President Bush, meanwhile, is going to Las Vegas, where he will deliver a speech to a National Guard convention.
Some of the 9/11 widows, including Kristen Breitweiser, of Middletown, N.J., and Monica Gabrielle, of West Haven, Conn., also have agreed to make campaign appearances for the Massachusetts senator.
"We will be speaking from the heart, and speaking from our conscience," Breitweiser said. She would not elaborate. Breitweiser is by far the most visible and outspoken of the Sept. 11 family advocates, and has been highly critical of the government's reform efforts to date.
The move highlights the widening political divide among the nearly 3,000 Sept. 11 families.
At the Republican National Convention two weeks ago, two widows and the sister of another Sept. 11 victim offered moving tributes to their departed loved ones. The somber appearances offered no direct endorsement of Mr. Bush, but their message of support was unmistakable.
In Las Vegas, the president is expected to honor the sacrifice of National Guardsmen in Iraq and Afghanistan, noting their special role in the war on terror, and saying he also is proud of his own Vietnam-era stint as a citizen soldier.
Mr. Bush was not expected to address the controversy swirling around unexplained gaps in his service in the Texas Air National Guard in his address to the National Guard Association of the United States.
Mr. Bush is speaking at the National Guard conference in the afternoon following a morning rally in Arapahoe County, Colo., to promote his health care agenda.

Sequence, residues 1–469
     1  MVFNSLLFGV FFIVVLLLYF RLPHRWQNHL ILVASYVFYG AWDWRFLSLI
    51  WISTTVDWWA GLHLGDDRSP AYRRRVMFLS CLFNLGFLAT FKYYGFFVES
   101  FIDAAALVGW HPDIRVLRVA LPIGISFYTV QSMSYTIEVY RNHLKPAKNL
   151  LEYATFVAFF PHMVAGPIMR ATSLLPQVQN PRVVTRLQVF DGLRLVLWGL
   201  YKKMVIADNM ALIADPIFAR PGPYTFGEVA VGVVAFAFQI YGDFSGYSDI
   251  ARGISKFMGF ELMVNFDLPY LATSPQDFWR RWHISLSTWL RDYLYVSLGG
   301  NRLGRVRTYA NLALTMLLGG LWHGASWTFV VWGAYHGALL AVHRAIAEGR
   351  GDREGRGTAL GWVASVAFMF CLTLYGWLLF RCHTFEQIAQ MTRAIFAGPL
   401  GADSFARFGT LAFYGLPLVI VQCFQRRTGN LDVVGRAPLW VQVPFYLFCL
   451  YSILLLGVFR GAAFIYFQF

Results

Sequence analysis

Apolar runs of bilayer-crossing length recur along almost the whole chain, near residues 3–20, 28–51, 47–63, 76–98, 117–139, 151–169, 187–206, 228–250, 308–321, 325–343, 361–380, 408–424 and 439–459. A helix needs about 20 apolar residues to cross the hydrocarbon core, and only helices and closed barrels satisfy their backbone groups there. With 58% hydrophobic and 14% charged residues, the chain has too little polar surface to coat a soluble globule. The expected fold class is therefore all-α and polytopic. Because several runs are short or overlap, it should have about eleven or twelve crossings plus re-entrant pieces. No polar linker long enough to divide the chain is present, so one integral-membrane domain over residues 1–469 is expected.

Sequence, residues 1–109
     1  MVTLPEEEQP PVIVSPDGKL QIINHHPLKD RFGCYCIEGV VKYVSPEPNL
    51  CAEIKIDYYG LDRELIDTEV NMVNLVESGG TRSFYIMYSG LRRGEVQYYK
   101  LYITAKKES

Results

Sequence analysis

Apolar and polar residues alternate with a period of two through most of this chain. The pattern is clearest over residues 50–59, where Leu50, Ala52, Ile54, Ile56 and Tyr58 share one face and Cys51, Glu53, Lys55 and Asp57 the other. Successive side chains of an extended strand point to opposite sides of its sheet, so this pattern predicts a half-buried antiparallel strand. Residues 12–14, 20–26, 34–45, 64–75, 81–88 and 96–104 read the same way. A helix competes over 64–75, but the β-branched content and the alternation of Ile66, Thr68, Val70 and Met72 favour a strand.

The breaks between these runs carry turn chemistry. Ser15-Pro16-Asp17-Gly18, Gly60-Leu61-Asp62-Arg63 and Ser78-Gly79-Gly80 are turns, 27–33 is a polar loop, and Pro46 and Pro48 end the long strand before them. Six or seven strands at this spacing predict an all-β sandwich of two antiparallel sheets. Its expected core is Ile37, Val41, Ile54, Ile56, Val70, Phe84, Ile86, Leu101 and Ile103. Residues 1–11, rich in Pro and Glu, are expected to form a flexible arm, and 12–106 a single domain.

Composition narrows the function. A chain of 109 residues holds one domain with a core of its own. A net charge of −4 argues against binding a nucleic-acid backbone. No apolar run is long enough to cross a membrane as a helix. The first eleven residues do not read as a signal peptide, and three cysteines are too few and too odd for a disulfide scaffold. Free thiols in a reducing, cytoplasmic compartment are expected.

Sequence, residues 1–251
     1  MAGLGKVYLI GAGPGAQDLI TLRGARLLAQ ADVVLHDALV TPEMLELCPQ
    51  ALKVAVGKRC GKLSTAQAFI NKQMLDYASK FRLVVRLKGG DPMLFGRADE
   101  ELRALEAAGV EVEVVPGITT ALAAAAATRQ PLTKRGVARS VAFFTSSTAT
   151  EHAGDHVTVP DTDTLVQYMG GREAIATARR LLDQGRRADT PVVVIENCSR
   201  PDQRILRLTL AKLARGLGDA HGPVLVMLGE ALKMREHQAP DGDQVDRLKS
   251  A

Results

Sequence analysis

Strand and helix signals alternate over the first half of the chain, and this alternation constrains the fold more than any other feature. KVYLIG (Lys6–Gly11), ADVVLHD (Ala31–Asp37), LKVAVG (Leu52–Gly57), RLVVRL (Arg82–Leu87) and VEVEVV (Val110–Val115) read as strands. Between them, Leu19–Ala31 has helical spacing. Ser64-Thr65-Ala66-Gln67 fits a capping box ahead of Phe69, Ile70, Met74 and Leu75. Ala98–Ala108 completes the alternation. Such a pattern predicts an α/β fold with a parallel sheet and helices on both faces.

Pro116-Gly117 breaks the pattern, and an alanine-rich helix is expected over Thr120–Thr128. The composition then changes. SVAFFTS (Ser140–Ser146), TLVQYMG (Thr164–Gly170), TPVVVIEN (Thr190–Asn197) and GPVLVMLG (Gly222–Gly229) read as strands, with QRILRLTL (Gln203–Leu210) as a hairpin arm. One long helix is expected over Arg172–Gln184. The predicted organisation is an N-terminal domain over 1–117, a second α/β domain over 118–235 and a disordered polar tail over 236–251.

The battle against terrorism has been the rallying cry of Mr. Bush's race for re-election in a presidential campaign fraught with verbal fisticuffs between him and Mr. Kerry, who addresses the group on Thursday.
New documents disclosed last week suggest Mr. Bush ignored a direct order from a superior officer to take a physical exam and lost his status as a Texas Air National Guard pilot in the 1970s because he failed to meet military performance standards and did not get the physical.
Questions have been raised about the authenticity of the documents obtained by an unidentified source by CBS News. The news organization is standing by its story.
On Monday, first lady Laura Bush said she thought the documents were probably fakes. "You know, they probably are altered and they probably are forgeries, and I think that's terrible, really," she told Radio Iowa in an interview.
Hours before Mr. Bush addresses the convention, members of Military Families Speak Out, a group representing 1,700 military families, were to tell stories about relatives who have served in Iraq or have been killed in the conflict.
At a news conference in a hotel next to the convention center where Mr. Bush is speaking, the relatives were expected to accuse the Bush administration of betraying National Guard soldiers who signed up to serve at home, but were sent overseas for extended periods of time to fight a "war based on lies."